And it is from that dowdy suburban landscape that teen dreamer Johanna Morrigan (Feldstein) finds herself. Socially awkward but possessed of a talent for writing, she feels trapped in a place that doesn’t hold enough interest for her. An entry into a poetry contest ends up causing her even more humiliation and embarrassment than ever.

Her home life isn’t much better. She lives in a cramped household flat with her mother (Solemani) who suffers from post-partum depression after an unexpected birth of twins, her cheerful father (Considine) who dreams of the rock and roll stardom that he has thus far failed to find and her brother Krissi (Kynaston) who has the same frustrations she does and channels it into a fanzine. In her loneliness, she carries on conversations with photos of her heroes which she keeps on her wall; Sigmund Freud (Sheen), Maria von Trapp (Arterton), Sylvia Plath (Punch) and Elizabeth Taylor (L. Allen), among others.

Yes, it’s the 90s and Britpop is coming into its glory. Johanna manages to wrangle and interview with a Melody Maker-like British rock rag called D&ME but discovers when she travels to London that the somewhat snarky editorial staff thought that her submitted review of the soundtrack of Annie was a joke.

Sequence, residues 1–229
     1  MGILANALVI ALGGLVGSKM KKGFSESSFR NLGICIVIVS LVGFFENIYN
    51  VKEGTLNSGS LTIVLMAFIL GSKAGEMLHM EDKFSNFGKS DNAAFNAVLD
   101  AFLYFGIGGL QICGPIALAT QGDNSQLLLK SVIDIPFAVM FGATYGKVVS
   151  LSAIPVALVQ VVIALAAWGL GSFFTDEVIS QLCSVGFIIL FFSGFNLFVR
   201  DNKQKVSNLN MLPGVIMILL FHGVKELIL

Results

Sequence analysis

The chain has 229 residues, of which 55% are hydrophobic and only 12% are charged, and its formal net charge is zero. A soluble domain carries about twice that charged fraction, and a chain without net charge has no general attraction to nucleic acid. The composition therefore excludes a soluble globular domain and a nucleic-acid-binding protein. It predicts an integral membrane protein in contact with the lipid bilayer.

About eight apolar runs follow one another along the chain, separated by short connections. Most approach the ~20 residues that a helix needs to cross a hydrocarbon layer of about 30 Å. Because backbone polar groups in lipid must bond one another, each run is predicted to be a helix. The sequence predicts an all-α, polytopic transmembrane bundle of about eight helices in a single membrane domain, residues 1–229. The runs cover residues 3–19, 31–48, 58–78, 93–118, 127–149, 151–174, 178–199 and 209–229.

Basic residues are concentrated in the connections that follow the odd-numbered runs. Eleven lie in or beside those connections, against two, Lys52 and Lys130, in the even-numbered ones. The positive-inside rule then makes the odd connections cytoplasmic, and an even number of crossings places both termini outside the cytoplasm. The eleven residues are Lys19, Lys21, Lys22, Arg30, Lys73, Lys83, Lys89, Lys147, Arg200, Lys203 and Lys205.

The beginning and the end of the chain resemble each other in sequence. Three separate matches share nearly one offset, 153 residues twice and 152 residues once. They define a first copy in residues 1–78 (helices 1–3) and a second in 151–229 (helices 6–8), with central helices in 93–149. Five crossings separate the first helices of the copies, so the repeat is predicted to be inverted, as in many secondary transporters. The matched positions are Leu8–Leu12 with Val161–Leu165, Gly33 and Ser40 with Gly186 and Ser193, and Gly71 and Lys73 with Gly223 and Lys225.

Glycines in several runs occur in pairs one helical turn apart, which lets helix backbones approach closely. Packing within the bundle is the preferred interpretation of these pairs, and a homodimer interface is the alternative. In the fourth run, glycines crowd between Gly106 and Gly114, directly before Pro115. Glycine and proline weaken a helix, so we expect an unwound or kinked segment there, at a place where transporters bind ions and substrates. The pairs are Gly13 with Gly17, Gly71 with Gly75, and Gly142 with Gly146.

Utterly defeated, she ends up crying in a loo where a poster of Bjork (Ferrari) gives her a pep talk. Heartened, she storms back into the office and demands an opportunity. Taken aback, they assign her to review a Manic Street Preachers concert in Manchester.

She does okay and manages to convince them to give her an opportunity at a feature, an interview with up and coming rocker John Kite (A. Allen) whom she promptly falls head over heels over and he in turn opens up about his demons. Her piece, though, is a gushing, fawning puff piece that the snarky folks at D&ME don’t have any use for.

Stung, she resolves to be the biggest bitch she can possibly be and that turns out to be considerable. Reinventing herself as Dolly Wilde, a flame-haired, top hat-wearing libertine vixen who writes with poison pen and has as much casual sex as she can possibly get. But her persona begins to take over as she alienates everyone close to her, from John Kite whose trust she breaks, to her parents whom she humiliates by throwing in their face that she’s paying the rent. When she realizes that the people she’s trying to impress aren’t worth impressing, she is forced to re-examine who she is and who she wants to be.

Some have compared this to a distaff version of Almost Famous which isn’t too far off the mark; like that film, this story is based on writer Caitlin Moran’s own experiences as a teen rock critic for Melody Maker in the 90s. Make that very loosely based. There is an air of fantasy to this; the lifestyle depicted for the writers for the rag aren’t realistic; I can tell you as a not-so-teenaged rock critic in the 90s in the San Francisco Bay Area that all music critics are notoriously low-paid. That’s because there are far more people who want the job than there are jobs available; it’s the law of supply and demand.